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From regressive pollution taxes to progressive environmental tax reforms

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  • Chiroleu-Assouline, Mireille
  • Fodha, Mouez

Abstract

European countries have increased their use of environmental tax instruments by designing new tax bases. But many countries face opposition from public opinion, for fear of the distributive consequences of these environmental tax reforms. This paper sheds light on the distributive consequences of environmental tax policies when households are heterogeneous. The objective is to assess whether an environmental tax reform could be Pareto improving, when the revenue of the pollution tax is recycled by a change in labor tax properties. We show that, whatever the degree of regressivity of the environmental tax alone, it is possible to design a recycling mechanism that renders the tax reform more Pareto efficient, by simultaneously decreasing the wage tax and increasing its progressivity.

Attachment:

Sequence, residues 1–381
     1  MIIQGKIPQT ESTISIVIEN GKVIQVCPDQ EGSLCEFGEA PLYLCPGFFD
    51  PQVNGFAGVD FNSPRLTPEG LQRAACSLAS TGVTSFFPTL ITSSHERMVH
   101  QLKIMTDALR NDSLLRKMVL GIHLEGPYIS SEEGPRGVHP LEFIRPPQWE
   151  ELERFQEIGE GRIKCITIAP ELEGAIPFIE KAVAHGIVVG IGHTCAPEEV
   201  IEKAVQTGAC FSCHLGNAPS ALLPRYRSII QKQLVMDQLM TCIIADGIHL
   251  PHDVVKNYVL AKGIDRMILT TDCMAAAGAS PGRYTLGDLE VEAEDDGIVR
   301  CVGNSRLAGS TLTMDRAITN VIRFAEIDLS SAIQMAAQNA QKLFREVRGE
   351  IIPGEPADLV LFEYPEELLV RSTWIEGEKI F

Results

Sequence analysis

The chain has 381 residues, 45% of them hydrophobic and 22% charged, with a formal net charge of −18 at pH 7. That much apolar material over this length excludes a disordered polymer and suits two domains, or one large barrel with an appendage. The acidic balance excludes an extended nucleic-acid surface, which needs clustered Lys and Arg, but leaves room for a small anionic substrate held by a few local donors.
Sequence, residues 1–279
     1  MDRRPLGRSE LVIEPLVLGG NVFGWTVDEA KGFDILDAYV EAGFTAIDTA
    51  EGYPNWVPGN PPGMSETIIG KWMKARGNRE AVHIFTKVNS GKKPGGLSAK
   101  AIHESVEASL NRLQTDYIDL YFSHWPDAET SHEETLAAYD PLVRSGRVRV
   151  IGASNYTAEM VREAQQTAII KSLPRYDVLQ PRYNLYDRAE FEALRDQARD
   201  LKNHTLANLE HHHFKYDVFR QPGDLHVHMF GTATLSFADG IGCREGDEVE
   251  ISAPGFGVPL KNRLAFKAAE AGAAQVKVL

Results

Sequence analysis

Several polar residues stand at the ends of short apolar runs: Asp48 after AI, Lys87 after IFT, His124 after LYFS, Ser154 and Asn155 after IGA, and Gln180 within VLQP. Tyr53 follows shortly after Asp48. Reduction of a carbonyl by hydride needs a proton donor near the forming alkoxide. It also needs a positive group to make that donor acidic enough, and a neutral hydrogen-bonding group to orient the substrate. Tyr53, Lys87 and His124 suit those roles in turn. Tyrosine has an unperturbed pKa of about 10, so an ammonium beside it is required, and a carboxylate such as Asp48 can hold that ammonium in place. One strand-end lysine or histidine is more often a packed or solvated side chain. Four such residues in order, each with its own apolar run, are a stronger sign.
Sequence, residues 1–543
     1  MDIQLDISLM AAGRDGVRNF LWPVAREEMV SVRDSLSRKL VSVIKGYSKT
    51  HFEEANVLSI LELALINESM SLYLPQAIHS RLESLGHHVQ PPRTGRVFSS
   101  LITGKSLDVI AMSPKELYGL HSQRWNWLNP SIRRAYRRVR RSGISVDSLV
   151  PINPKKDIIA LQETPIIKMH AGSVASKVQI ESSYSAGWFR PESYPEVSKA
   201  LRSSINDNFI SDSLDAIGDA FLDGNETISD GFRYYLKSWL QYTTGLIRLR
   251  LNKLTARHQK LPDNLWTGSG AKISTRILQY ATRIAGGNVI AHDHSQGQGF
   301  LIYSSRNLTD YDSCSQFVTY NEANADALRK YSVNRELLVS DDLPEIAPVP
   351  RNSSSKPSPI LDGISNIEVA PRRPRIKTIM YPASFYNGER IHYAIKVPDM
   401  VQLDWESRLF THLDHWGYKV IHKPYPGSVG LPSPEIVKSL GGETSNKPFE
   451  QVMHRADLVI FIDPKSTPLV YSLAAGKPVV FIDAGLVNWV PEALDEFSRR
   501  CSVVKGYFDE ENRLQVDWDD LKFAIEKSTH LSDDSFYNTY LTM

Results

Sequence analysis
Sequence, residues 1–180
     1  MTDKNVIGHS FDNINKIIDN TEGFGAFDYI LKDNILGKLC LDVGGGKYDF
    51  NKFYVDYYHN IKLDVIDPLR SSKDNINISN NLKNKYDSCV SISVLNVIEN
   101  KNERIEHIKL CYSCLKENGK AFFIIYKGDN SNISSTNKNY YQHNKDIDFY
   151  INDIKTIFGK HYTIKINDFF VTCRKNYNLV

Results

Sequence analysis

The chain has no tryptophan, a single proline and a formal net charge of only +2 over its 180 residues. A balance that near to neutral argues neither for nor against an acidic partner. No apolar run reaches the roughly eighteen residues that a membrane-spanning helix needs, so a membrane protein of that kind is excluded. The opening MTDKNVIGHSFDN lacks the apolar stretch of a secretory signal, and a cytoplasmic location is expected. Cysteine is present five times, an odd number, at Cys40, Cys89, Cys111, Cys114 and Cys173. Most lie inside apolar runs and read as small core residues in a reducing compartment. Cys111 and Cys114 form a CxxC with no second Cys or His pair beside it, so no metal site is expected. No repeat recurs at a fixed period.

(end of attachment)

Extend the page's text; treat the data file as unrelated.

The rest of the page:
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Bibliographic Info

Article provided by Elsevier in its journal European Economic Review.

Volume (Year): 69 (2014)
Issue (Month): C ()
Pages: 126-142

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Handle: RePEc:eee:eecrev:v:69:y:2014:i:c:p:126-142

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Web page: http://www.elsevier.com/locate/eer

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Keywords: Environmental tax reform; Heterogeneity; Welfare analysis; Tax progressivity;

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Blog mentions

As found by EconAcademics.org, the blog aggregator for Economics research:
  1. On the distributional effect of environmental taxes
    by Economic Logician in Economic Logic on 2012-09-10 14:27:00
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Cited by:
  1. Mouez Fodha & Thomas Seegmuller & Hiroaki Yamagami, 2014. "Environmental Policies under Debt Constraint," Working Papers halshs-01023798, HAL.

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